Meditations from a Movable Chair Analysis

Andre Dubus

Meditations from a Movable Chair

(Literary Masterpieces, Critical Compilation)

Andre Dubus has long been considered a master of short fiction. His reputation was established in the 1970’s with two collections of short stories, Separate Flights (1975) and Adultery and Other Choices (1977). In the early 1980’s, Dubus published three volumes containing both short stories and novellas, as well as the book-length novella Voices from the Moon (1984). Then one July night in 1986, his life changed forever. While driving to his home in Haverhill, Massachusetts, Dubus stopped to help a stranded motorist. A passing car hit the writer, injuring him critically. Both legs were smashed; one later had to be amputated. When he was released from the hospital two months and many operations later, Dubus knew that he would never leave his wheelchair. In the months that followed, his wife left him, taking their two young children, and Dubus found himself in constant pain and too depressed to write. In 1991, Dubus brought out a book of essays, Broken Vessels, but he did not publish another collection of short stories until 1996, when Dancing After Hours appeared.

Like Broken Vessels and Dancing After Hours, Meditations from a Movable Chair reflects the author’s ordeal. Most of the twenty-five essays in this collection make some reference to Dubus’s situation. However, though these “meditations” are all highly personal in tone, their subject is not the author but the human condition in general, and, specifically, the relationship between human beings and God.

It has been noted that Dubus’s short stories usually end with a resolution, sometimes even with a moral. The essays in this volume are structured similarly. In the first of them, “About Kathryn,” the author’s sister telephones to tell him about being raped at knifepoint in her own yard. Her feelings are ambivalent. On one hand, as a devout Catholic, she feels compelled to bless her attacker during the rape and to pray for him afterward. However, she is certain that she would have killed him if he had threatened her daughter. There is nothing idiosyncratic about this ambivalence; Dubus presents it as the way any good person feels when confronted by evil. Moreover, he does not minimize the effort needed to forgive so heinous an act. What he does assert is that given enough time, prayer can erase hatred and produce forgiveness. In “Giving Up the Gun,” an essay that appears near the end of the volume, Dubus comes to much the same conclusion, though in this case he stresses his realization that ultimately one must trust in God, rather than in oneself.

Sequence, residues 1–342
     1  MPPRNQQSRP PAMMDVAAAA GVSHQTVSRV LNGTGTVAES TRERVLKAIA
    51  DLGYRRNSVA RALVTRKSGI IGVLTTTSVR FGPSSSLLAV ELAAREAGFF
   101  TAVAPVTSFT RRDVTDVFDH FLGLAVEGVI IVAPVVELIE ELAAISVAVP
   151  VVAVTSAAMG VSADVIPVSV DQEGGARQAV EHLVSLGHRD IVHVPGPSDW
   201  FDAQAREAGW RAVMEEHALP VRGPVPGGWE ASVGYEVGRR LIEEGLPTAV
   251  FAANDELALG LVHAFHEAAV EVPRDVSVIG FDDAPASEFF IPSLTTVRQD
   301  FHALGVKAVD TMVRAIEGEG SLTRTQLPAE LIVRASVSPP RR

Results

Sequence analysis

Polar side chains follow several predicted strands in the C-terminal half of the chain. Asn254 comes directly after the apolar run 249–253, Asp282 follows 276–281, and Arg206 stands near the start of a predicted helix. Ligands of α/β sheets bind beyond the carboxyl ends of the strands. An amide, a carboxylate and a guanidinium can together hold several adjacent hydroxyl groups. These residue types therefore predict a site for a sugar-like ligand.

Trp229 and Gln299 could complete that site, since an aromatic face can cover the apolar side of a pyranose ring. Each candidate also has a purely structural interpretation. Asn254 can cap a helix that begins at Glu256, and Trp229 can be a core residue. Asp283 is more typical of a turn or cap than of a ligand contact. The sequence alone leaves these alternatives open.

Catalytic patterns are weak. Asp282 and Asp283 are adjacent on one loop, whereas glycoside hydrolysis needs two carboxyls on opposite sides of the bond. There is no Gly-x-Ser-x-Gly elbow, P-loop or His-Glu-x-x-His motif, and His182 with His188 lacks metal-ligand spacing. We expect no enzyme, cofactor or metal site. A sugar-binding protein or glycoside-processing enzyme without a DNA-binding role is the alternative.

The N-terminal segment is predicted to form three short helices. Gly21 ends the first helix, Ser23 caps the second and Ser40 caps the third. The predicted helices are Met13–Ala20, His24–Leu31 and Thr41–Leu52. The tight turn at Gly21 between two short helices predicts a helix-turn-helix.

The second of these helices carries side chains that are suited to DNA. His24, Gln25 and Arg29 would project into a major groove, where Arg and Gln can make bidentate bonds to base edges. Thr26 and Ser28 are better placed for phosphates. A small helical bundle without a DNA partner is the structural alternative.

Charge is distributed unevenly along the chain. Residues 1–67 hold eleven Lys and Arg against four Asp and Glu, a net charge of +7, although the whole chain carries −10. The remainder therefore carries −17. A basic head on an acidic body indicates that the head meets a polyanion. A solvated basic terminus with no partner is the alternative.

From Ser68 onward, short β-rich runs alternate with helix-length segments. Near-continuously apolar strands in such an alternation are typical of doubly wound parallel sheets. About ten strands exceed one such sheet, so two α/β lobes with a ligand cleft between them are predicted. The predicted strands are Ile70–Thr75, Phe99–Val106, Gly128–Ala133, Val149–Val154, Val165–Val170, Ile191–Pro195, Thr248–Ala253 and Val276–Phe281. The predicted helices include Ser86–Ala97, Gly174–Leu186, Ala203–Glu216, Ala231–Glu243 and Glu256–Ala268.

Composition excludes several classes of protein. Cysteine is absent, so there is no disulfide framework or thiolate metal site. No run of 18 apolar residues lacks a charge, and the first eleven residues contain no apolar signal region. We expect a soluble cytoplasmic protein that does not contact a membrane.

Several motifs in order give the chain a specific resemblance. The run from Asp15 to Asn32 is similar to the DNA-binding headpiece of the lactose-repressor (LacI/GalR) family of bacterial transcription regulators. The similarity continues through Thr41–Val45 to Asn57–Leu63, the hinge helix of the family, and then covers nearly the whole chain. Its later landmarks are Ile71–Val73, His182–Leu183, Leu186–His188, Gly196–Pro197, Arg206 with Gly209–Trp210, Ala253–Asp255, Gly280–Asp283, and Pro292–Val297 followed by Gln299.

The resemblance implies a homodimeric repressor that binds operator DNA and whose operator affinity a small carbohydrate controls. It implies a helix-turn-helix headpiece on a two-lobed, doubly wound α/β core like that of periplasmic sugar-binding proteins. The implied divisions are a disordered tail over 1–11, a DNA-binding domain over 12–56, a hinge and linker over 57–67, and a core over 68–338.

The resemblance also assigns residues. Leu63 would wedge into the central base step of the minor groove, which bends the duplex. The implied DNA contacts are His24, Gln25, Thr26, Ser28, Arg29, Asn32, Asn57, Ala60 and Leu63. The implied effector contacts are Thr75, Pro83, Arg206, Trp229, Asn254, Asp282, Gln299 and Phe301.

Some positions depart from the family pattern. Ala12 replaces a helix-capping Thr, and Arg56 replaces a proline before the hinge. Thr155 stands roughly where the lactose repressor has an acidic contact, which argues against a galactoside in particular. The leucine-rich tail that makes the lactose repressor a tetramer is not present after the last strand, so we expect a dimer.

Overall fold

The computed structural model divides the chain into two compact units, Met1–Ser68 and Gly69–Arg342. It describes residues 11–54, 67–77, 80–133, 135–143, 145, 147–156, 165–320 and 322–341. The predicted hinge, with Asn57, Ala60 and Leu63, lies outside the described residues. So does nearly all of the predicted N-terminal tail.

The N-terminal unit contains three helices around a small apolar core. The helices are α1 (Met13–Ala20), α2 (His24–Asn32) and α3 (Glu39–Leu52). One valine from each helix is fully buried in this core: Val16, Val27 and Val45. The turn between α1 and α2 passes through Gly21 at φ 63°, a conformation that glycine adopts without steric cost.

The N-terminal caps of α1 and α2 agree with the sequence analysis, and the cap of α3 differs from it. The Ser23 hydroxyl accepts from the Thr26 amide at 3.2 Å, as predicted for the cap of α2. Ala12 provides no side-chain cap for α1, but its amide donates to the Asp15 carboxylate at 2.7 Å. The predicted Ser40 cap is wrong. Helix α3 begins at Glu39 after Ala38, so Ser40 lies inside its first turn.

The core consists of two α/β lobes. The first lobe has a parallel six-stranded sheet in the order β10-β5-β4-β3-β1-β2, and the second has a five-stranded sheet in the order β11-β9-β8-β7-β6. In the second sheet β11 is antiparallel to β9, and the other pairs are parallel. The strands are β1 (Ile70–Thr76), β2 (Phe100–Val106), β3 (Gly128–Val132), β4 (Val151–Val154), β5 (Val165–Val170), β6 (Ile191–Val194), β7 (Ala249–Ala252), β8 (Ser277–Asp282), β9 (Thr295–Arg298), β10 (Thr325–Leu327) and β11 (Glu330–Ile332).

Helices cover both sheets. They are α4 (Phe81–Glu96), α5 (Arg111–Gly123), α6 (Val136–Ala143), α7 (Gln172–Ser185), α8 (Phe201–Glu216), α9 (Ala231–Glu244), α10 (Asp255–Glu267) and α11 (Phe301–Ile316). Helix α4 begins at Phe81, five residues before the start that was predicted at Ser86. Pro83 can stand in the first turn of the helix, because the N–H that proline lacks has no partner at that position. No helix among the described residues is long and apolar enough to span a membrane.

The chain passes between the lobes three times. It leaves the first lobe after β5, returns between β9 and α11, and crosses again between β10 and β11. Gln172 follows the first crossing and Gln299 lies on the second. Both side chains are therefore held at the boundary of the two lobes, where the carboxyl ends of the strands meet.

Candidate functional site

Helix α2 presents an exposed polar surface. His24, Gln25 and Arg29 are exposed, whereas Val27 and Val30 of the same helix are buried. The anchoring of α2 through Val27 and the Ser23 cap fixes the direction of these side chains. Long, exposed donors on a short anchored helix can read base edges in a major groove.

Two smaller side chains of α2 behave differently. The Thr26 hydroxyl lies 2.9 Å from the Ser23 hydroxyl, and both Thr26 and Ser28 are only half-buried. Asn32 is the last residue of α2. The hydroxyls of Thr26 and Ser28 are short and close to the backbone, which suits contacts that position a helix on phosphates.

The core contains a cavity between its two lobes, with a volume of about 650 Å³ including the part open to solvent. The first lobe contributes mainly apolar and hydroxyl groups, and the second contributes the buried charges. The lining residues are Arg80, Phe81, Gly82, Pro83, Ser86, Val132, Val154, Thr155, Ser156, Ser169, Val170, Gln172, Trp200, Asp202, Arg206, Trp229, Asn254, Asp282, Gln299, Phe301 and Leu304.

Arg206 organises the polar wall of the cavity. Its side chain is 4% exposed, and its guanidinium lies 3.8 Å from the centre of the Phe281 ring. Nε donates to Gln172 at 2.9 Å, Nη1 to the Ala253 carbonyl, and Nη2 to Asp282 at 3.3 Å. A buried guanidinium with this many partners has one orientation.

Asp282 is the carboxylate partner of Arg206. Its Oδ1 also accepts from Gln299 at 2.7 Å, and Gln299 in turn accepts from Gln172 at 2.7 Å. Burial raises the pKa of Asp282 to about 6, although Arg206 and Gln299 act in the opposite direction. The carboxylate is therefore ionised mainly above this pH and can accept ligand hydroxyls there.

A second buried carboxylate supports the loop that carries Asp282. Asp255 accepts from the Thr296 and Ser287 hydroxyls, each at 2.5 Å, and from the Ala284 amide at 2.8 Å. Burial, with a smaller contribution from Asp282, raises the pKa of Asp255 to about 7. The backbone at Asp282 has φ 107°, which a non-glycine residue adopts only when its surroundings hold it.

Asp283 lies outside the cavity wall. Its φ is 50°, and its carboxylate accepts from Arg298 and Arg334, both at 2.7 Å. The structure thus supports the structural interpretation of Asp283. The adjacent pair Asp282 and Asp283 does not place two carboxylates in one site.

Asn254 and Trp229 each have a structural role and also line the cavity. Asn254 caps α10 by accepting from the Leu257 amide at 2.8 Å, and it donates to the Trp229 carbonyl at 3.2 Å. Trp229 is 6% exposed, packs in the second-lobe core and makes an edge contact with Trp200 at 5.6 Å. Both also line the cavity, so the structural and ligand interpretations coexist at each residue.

Dubus’s fifth essay is another account of an evil act and its consequences. This time, however, the evil is institutionalized. The “Imperiled Men” of the title are gays in the military. Their plight is illustrated by Dubus’s story of a much-decorated Navy pilot, the commander of an air group on an aircraft carrier. After he hears that Navy investigators are to present their findings about him to his captain, the pilot kills himself. As a result, the Navy loses a valuable officer, and morale is shattered among the men under his command, who thought his sexual orientation less important than his skill and judgment. Dubus later finds out that the Navy hierarchy kept the pilot away from his plane, fearing that he might deliberately crash it. To them, a gay officer was expendable; a plane was not.

Institutional indifference is also the subject of “Letter to Amtrak,” which details some horrendous experiences Dubus had while traveling. It was bad enough that he had to buy a first- class ticket on an airplane in order to have a place where he could sit. What happened on an Amtrak train, however, was much worse. First he found the entry to his coach too narrow for his wheelchair; then he discovered that it was impossible for him to use the toilet. Dubus’s letter was an effort to have such matters remedied. What is even more difficult to change, however, is the way that most people view those who have physical problems. In “Song of Pity,” the author explains why he resents the easy sentimentality that denies their real sufferings. From his new perspective, Dubus can see how little he knew about what his disabled friend in graduate school faced every day. He accuses himself of lacking imagination or empathy. The meditation ends with a plea for all the people on this earth who are wounded either in body or in spirit. They do not need platitudes, Dubus now knows; they need real compassion, which means a consciousness of their problems and the willingness to help them.

Meditations from a Movable Chair stresses the sad fact that human beings often do not appreciate what God has given them. In “Legs,” “A Country Road Song,” and “Autumn Legs,” Dubus recalls what it was like to walk and to run. In “Legs,” he remembers telling a girl who complained about her large thighs that she should be grateful for her legs, but,...

(The entire section is 2037 words.)